Tuesday, February 28, 2006

The Yellow Balloon by Charlotte Dematons

The Yellow Balloon
by Charlotte Dematons
Ages: 5+
Topics: Geography, history, geology

This wordless picture book follows a yellow balloon as it drifts through dramatic and diverse landscapes including cities, jungles, mountain ranges, agricultural lands, deserts, seascapes, airspace and the icy poles. In the tradition of the I Spy books, the game is to search for the yellow balloon in each double-paged landscape, while noticing the myriad of clever and imaginative details. The landscapes include both realistic and imaginative elements (witches on brooms, Santa and his reindeer, Mary Poppins, flying carpets) and combine scenes from different time periods and different continents together. In the agricultural scene, there's modern farming with motorized equipment and an English riding school next to a medieval castle with men in armour fighting with swords and a scene of American Indians on horseback with teepee villages.

This book is completely absorbing and will be enjoyed by adults as well as children. The ariel-view painted landscapes are rich and full of action, and searching through the details is irresistible. While no set story is offered, the book does track from day to night. There's a nice balance of the cheeky, day-to-day, and less happy details of human life (the storybook characters, the painter in his studio, the logging scene at the edge of the jungle). This wonderful book provides an ideal stepping off point to talking with children about art, history, geography, and different cultures, while spotting and sharing more familiar details.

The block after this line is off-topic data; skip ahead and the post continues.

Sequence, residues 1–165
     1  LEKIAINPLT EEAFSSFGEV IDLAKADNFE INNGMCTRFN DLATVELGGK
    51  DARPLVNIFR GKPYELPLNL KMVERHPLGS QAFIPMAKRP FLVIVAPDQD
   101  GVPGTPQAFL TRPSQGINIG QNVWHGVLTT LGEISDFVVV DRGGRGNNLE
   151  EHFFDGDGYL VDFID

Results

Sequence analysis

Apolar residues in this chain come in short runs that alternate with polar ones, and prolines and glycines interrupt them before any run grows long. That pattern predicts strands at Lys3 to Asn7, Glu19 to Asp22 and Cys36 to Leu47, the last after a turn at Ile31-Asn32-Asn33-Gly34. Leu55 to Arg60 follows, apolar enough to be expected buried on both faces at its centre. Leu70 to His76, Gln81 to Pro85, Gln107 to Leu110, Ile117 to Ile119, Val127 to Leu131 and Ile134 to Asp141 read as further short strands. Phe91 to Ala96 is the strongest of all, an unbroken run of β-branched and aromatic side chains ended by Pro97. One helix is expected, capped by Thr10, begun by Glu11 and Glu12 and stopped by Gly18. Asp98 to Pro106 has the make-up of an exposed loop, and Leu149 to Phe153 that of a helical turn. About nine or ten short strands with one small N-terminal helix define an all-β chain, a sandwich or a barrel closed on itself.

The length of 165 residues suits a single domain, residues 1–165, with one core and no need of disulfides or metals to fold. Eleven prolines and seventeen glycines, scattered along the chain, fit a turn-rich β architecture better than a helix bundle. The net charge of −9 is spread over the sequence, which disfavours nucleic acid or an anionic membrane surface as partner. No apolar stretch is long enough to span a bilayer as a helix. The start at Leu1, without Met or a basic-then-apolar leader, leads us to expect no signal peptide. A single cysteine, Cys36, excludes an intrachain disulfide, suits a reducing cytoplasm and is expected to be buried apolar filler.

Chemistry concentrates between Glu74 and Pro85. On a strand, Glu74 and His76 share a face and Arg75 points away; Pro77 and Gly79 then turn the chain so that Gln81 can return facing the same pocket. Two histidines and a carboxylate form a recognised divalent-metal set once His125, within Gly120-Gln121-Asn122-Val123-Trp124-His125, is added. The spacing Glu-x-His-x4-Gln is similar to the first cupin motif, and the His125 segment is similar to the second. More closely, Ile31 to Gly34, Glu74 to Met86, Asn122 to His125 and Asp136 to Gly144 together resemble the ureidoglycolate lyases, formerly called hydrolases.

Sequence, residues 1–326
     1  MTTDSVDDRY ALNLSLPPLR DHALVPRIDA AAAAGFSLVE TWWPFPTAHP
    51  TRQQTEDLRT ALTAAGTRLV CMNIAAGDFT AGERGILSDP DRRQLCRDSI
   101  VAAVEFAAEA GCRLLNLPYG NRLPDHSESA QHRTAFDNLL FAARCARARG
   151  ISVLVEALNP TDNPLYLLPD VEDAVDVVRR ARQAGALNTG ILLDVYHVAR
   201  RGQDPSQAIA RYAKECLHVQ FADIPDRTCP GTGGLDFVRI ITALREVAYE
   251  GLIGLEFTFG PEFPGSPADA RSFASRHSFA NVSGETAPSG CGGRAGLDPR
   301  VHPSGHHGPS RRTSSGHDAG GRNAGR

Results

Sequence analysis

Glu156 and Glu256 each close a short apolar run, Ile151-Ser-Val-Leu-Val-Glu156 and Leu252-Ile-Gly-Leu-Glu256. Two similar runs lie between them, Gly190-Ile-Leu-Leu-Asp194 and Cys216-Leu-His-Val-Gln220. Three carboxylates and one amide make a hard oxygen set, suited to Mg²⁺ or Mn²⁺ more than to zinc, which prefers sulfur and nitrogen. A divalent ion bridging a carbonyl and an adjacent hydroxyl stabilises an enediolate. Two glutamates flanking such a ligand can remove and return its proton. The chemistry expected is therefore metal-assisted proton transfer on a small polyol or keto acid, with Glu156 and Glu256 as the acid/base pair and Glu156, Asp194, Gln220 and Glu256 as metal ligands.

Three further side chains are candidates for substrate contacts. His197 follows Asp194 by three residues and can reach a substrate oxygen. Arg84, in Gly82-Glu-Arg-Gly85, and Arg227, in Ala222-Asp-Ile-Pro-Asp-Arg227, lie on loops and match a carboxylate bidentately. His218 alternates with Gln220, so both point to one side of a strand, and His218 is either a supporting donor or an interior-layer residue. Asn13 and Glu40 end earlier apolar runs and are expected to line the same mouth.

Charlotte Dematons is Dutch and is the author of Let's Go! (which takes a similar approach following a young boy on an errand), Worry Bear and Looking for Cinderella.

Monday, February 20, 2006

Mrs Biddlebox by Linda Smith

Mrs. Biddlebox
by Linda Smith
Illustrated by Marla Frazee
Ages: 4-8
Topics: determination, overcoming difficulties

One dreary morning Mrs Biddlebox wakes up on the wrong side of her bunk:

The birds gave her a headache,
There were creakies in her chair.
A breeze blew dank and dreary
And mussed up her hair.

She slams the door on the morning and has a breakfast of bitter tea and hard crumpets, while she tries to figure out what to do. Then, with great determination and spunk:
I will cook this rotten morning!
I will turn it into cake!
I will fire up my oven!
I will set the day to bake!

Mrs Biddlebox (and her goose sidekick) get busy gathering "up the gloom". She grabs dirt and shadows, fog, and rays of sun, and even "rolled the sky like carpeting" and puts it all in a big pot. She makes a dough, bakes it for the rest of the day, then eats "a merry slice of cake" and then ends up eating the whole cake! Well-fed and cozy, she watches the stars and then falls asleep.

This imaginative and magical story of the witchy Mrs. Biddlebox making something good out of gloom is both dark and funny. There's no denying the reality that we all wake up on the wrong side of the bed and feel crummie. The dramatic swirling pencil illustrations support the rhyming text by starting out very dark --with the fog swirling in the window and the background almost completely dark. The scenes lighten as Mrs Biddlebox grabs at the gloom and there's a great scene of Mrs B. twirling fog onto her broomstick "like spaghetti". The drawings featuring Mrs B. making the dough with extreme gusto and dancing around the oven are hilarious, set against a white background, the gloom is gone and everything seems merry and light. Children and adults will be entranced by the intense and clever illustrations, the punchy narrative, and the determination of the very memorable Mrs. Biddlebox to get rid of the gloom.

Mrs Biddlebox came from author Linda Smith's battle with cancer. She died in 2000, but left behind this wonderful and uplifting story. She also wrote When Moon Fell Down.